You ask me to believe that in the future, 70% of the earth’s energy comes from a mineral harvested on the moon – fine. And that the harvesting station is manned by only one astronaut, Sam Rockwell – fine. And that to cut training costs, they actually have a hundred clones of Sam Rockwell with memory implants and they wake one up every three years – fine. But then you tell me these moon-harvesting Sam Rockwell-cloning men of the future can’t spell “satellite” correctly on their satellite receiver, that’s where I have trouble suspending disbelief.
Sam is great as the only actor in the movie (people on video screens don’t count) playing clone #5 whose term is almost up and also clone #6 who was awakened prematurely when the computers thought Sam 5 had died. Interesting how the computers don’t have any biometrics on Sam, requiring him to talk to the friendly (anti-HAL, sabotaging the company to assist Sam) Kevin Spacey-voiced computer played by a ceiling-mounted roving smiley-face machine with a cupholder in front and a “kick me” sign on back. Funny also how the company’s way of disabling Sam’s live communications with Earth is to install massive radio-jamming towers around his base instead of, say, just sending an error message whenever he calls. My way would be cheaper.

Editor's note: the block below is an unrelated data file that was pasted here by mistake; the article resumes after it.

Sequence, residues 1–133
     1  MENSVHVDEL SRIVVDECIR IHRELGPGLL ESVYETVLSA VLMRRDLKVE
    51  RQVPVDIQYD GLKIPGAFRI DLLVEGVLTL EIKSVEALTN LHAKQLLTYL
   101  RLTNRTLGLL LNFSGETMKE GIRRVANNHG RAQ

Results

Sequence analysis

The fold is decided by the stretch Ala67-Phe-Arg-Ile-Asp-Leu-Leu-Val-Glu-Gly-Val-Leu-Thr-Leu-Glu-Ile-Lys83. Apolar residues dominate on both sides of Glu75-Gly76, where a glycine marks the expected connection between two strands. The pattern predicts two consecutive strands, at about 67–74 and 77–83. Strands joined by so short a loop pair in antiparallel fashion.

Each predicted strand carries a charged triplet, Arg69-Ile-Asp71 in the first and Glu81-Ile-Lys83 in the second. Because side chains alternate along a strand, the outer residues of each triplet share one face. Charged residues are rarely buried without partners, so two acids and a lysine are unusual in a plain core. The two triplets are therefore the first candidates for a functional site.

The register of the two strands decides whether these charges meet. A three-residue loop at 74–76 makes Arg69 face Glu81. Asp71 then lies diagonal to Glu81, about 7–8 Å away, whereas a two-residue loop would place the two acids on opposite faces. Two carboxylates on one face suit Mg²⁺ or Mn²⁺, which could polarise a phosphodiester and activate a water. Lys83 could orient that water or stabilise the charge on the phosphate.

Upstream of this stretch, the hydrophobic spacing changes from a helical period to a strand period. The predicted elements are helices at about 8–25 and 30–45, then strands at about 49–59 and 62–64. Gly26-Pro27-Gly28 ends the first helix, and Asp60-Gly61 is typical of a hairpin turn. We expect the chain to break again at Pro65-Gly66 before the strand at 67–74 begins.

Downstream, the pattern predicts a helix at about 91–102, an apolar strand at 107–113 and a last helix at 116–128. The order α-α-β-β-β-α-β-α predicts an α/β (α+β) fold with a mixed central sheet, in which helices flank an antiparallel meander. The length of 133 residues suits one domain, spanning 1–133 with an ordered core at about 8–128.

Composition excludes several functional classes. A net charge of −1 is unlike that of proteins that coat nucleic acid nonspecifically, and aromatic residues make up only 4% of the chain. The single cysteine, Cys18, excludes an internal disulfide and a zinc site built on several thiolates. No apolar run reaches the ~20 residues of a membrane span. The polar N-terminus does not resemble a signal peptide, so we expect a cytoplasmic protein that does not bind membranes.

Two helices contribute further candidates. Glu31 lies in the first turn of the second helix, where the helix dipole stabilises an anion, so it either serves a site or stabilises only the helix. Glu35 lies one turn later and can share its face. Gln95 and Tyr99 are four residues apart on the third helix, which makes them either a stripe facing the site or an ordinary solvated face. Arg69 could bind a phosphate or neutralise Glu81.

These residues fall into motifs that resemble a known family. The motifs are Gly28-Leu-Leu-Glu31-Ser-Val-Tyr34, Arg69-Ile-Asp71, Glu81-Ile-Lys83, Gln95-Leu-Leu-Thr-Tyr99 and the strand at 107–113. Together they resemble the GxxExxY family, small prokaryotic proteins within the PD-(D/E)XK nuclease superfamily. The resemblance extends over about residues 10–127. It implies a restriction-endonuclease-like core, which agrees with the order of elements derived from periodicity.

But it isn’t our job to poke holes in the sci-fi movies – we’re here to enjoy them. And it’s enjoyable for sure. Sam 6 flies to earth in a jet tube meant for a can of minerals and brings legal action against Original Sam and the company in the cough-and-you’ll-miss-it audio finale. The whole thing seems vaguely anticlimactic since Sam 6 appears early in the movie. Once you’ve seen two Sams in the same room, learning about the motivation behind the clone thing is no big deal. But it’s an amusing flick to be sure.